Please join us this Sunday, 11am at Kidd Springs Rec Center, as we talk about the memory of the crucifixion and the symbol of the cross.  What values do we construct with the stories we tell and retell?  What kind of world?  Who do we become in the telling?

Grace & Peace,
Scott

Church Fight!

// September 5th, 2014 // No Comments » // Church in The Cliff

Church in the Cliff has been through some transitions in the past five years.  I say, “transitions,” but anyone who has been around through that time knows that I really mean “meltdowns.”  As with any group of human beings that try to get together and sustain relationships, there is sometimes conflict.  That is unavoidable.  However, what we do with conflict is an ongoing practice.  We are about to go through another transition: we’re going to have a building.

I’m excited about this.  For years, we have endeavored in ministry in a space to which we only had access four hours each week.  This severely limits what we can do in a service because we have to set up and tear down each Sunday.  Any time we want to have dinners or Bible studies or board meetings, we have to find someone’s home to meet in.  It’s all pretty exhausting.  A building will allow us to expand our work and create a home.  But if you grew up in a home, you know it is not always peace and harmony.

Part of the luxury of being small and mobile and flexible is that there’s not a lot to fight about.  The open secret of many church splits is that they begin over conflict about carpet color and whether to buy new pews or invest in a food pantry.  Legend has it that one Church in the Cliff founder broke from one of our parental churches because she thought that the expense of a new parking lot was ridiculous when there were so many in need.  I don’t know if it happened that way, but I’m certain it is true.  Staking a claim to property brings new opportunities for conflict as we all become invested in that property and its use.  Personally, I don’t have the energy for another “transition” and I’m not sure it is the best witness to the peace and love that we proclaim.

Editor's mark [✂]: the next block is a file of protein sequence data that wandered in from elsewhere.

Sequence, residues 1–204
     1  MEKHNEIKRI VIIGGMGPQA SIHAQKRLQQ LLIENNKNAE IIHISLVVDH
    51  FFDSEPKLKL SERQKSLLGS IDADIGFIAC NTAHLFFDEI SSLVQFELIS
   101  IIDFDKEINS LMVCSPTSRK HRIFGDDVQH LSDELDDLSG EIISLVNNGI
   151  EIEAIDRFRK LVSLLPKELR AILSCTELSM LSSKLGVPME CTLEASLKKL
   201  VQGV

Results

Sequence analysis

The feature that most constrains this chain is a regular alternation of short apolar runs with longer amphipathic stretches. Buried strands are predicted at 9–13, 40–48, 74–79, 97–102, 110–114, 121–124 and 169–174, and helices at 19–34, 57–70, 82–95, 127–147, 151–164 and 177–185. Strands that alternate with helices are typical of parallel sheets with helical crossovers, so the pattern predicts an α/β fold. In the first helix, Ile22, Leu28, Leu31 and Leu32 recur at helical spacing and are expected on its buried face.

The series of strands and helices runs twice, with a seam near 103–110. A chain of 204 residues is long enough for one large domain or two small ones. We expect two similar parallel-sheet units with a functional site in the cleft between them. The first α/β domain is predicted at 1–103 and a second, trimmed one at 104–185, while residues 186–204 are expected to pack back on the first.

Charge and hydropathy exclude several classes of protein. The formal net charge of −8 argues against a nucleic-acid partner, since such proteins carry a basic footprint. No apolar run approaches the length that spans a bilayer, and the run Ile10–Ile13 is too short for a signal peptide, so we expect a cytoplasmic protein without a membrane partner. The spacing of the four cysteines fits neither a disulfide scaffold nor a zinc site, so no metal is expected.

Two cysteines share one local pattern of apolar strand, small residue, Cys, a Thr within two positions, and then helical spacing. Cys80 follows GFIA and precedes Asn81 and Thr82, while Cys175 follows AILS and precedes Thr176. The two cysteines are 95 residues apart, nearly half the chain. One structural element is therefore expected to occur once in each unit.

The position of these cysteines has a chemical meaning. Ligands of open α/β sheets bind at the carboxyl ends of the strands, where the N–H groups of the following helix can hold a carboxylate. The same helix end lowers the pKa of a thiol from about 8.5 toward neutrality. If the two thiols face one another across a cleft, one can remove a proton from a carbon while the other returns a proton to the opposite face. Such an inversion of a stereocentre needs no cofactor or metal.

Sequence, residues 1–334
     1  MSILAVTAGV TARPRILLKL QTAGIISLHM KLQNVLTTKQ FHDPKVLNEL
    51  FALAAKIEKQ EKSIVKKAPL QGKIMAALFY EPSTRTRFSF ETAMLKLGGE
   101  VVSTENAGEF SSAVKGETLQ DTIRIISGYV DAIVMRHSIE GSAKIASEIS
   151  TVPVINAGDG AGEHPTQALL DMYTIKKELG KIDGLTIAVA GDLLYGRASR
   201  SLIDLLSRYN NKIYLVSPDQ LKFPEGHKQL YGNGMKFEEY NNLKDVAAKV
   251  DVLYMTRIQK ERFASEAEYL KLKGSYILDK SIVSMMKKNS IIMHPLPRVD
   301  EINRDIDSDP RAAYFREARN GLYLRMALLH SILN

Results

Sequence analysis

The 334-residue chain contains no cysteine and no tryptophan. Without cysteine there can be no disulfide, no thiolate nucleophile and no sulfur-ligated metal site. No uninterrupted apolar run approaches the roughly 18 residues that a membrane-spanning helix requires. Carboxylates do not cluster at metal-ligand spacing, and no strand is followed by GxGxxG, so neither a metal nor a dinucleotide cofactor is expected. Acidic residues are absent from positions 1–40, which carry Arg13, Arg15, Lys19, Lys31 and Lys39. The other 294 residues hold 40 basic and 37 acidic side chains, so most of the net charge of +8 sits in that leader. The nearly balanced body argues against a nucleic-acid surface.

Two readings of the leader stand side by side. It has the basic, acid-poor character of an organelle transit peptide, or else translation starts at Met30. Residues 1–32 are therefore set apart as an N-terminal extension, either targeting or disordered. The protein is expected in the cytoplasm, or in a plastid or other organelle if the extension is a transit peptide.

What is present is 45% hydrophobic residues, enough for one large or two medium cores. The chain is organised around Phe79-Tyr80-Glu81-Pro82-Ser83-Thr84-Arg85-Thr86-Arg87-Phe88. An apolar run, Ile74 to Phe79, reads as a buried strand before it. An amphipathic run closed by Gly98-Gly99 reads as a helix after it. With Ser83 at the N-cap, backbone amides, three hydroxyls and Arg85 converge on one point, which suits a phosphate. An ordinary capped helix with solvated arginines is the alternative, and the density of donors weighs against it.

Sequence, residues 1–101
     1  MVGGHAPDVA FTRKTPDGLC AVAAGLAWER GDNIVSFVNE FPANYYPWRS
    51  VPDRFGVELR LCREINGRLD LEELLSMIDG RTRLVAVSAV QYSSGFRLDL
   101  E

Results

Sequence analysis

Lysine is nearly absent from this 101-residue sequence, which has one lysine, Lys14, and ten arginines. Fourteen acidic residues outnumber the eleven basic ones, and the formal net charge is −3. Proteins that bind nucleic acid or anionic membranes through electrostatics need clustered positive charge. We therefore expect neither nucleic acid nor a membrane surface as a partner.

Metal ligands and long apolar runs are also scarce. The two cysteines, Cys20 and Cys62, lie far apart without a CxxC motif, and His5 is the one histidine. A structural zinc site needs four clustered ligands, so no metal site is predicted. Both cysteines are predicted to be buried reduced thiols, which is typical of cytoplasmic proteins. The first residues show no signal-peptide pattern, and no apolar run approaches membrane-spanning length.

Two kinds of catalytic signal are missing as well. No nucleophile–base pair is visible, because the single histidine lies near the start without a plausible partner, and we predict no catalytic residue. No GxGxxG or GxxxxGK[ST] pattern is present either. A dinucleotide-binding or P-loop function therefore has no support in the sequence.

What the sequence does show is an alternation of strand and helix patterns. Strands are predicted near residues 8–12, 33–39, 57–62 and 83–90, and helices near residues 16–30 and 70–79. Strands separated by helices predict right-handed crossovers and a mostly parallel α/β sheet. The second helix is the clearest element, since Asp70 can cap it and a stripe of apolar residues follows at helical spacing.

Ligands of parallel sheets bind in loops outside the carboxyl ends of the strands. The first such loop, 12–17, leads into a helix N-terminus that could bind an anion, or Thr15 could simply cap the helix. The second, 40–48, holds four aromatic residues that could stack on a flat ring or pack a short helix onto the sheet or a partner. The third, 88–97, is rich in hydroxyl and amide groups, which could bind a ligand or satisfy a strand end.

So perhaps it is good that the lectionary this week brings us some advice for dealing with conflict.  Understand this is not a commentary on where we are now, but something to consider for where we might find ourselves, or in our lives outside the church.  There will be conflict, maybe not over carpet, but perhaps an argument over whether to create a meditation room or a feral cat domestication center.  (Y’all know where I stand!)  Regardless of the issue, we must have ways of resolving conflict that ensure that everyone is heard and decisions are made together.  Our commitments to one another must endure disagreement and even the horror of not getting our way.  The value of our life together must be greater than our individual desires.

Please join us this Sunday, 11am at Kidd Springs Rec Center, as we discuss how to resolve conflict in peace.  We’ll talk about what Paul (Romans 13.8-14) and Matthew (18.15-20) have to say about it and maybe some things they missed.  See you there!

Grace & Peace,
Scott